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Can I Return to Running Following a Herniated Disc?


10.21 - Will-I-Ever-Be-Able-to-Run-Again-After-a-Herniated-Disc

Running is a form of exercise that can be a bit strenuous on a healing spine with a disc affected by protruding material. For this reason, it is not uncommon for herniated disc patients to be advised to be cautious with running. As for whether you will be able to run again after having a herniated disc, the short answer is generally “yes,” although you should take some precautions. This article discusses the factors that determine if and when you may be able to run after a herniated disc.

Modifying Activities Based on Symptoms

Whether or not running is painful for you depends on the extent, nature, and degree of your symptoms. If your symptoms are fairly mild and you do not mind some minor discomfort, you may be able to safely run on surfaces that are not excessively stressful. However, if running results in excessive
lower back pain or radiating nerve sensations, you may need to switch to light jogging or forego running altogether.

How Does Running Affect Herniated Disc Pain?

Running can be painful if you have a herniated disc (also commonly known as a "
slipped disc" or “ruptured disc”). The main reason for this is due to the force of hitting pavement, concrete, or grass with your feet, which can place a lot of extra stress on the affected spinal disc. This can happen as pressure from rapid foot and ankle movements eases its way up via bones, joints, muscles, and various soft tissues and nerves. You may then experience any of the following issues:

• Flare-ups after you run
• Lingering pain that keeps you awake at night
• Discomfort that affects your speed and presents possible safety risks (e.g., tripping or falling if you lose your concentration)
• Worsening discomfort that affects your ability to work and enjoy other daily activities and routines

Altering Your Routine

One option for running with a herniated disc is to change how you run by sticking to smoother surfaces. You may also benefit from more supportive running shoes. You can also run for shorter distances or take more frequent breaks.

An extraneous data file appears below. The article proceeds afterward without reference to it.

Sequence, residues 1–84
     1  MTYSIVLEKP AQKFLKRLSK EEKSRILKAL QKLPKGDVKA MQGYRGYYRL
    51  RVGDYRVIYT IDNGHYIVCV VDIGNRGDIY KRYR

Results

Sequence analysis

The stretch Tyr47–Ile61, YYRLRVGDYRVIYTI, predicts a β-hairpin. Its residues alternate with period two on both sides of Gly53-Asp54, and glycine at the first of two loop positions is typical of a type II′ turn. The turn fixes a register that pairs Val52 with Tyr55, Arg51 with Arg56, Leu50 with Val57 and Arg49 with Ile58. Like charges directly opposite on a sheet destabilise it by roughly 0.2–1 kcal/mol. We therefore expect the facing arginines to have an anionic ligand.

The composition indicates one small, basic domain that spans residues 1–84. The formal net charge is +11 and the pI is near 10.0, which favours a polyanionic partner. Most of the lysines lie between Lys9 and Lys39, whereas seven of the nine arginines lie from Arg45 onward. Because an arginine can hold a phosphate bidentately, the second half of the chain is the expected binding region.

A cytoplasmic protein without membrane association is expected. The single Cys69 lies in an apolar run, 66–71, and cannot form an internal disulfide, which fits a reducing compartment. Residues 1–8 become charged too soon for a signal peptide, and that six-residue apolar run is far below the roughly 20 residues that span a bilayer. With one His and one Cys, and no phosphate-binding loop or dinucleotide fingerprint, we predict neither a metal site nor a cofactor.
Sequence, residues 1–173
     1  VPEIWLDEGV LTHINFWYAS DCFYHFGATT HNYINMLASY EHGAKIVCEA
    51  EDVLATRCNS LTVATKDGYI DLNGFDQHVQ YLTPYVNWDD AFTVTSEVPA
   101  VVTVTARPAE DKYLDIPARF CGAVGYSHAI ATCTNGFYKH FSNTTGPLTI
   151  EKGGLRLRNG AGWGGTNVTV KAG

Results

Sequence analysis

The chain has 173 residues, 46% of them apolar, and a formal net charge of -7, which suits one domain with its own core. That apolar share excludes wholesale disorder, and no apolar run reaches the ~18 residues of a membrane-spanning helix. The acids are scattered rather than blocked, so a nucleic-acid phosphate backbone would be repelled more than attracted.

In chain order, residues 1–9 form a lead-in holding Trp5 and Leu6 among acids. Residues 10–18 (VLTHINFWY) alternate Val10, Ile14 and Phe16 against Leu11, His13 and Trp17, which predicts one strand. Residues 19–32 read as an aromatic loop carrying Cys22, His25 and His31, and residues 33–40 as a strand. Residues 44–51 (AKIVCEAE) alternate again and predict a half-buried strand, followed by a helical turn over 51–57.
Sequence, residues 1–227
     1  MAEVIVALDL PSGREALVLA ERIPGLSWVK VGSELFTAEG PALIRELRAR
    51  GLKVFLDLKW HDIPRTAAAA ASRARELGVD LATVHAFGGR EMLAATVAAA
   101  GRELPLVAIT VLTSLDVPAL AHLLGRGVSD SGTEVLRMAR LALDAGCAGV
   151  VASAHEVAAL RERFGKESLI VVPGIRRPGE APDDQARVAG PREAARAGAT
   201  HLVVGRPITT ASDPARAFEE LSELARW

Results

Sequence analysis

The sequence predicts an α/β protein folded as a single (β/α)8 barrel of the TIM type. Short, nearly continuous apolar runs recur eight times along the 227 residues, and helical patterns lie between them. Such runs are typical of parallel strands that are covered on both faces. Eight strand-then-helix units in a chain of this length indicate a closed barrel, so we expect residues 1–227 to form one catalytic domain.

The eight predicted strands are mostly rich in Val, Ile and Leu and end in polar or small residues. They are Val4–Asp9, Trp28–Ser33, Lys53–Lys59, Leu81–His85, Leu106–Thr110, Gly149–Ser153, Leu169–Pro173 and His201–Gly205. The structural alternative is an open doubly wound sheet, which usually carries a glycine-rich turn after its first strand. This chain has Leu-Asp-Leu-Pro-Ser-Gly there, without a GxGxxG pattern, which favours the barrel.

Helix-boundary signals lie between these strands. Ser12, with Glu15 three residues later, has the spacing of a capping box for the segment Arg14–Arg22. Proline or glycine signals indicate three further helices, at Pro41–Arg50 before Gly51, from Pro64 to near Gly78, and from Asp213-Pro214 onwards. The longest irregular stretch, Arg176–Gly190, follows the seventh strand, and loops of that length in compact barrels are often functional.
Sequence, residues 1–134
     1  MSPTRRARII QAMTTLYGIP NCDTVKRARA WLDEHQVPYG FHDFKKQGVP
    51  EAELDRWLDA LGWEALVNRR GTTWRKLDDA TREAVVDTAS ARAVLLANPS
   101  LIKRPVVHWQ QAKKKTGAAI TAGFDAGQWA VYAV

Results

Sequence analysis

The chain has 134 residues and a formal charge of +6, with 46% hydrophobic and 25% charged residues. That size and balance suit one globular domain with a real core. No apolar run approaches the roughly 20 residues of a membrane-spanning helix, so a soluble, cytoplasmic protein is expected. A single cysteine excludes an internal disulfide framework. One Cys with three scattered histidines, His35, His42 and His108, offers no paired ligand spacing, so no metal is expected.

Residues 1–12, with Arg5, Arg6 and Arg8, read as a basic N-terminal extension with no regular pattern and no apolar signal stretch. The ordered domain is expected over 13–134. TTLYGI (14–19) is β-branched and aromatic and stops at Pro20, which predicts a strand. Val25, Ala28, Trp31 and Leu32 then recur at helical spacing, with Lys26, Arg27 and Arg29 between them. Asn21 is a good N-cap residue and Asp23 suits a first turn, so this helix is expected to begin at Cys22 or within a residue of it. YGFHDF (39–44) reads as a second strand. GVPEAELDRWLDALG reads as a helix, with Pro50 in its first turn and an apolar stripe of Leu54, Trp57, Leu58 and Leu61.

Exploring Treatment Options

Another way to get back to running when you have a herniated disc is to work with your doctor and a physical therapist. Doing so gives you a chance to get an accurate diagnosis to determine the extent of the damage to the spinal disc. Next, consider the common treatments available for herniated discs today, with options including:

• Therapeutic exercises
• Steroid injections
• Medication to control pain and inflammation
• Applications of heat and ice after you run to minimize your discomfort

One other possibility is to discuss surgery with your doctor. By correcting the issues with the spinal disc, you will be more likely to be able to return to a fairly normal running routine. However, you will still need to be cautious about how you run. The most common option regarding surgery for a herniated disc is a microdiscectomy, which is a minimally invasive procedure that decreases your downtime and boosts your odds of being able to run again.

If your symptoms are severe and long-lasting, surgery may be discussed and potentially recommended to provide relief. For example, if your herniated disc is not responding to conservative treatment, a discectomy may be the best option. Although this is generally a very successful procedure, patients with a large hole in the outer ring of the disc have a significantly higher risk of reherniation following surgery. Often, the surgeon will not know the size of the hole until beginning surgery, and having a large hole in the outer ring of the disc more than doubles the risk of needing another operation. A new treatment, Barricaid, is a bone-anchored device that closes this hole, and 95 percent of Barricaid patients did not undergo a reoperation due to reherniation in a 2-year study timeframe. This treatment is done immediately following the discectomy—during the same operation—and does not require any additional incisions or time in the hospital. 

If you have any questions about the Barricaid treatment, ask your doctor or contact us at 844-288-7474.

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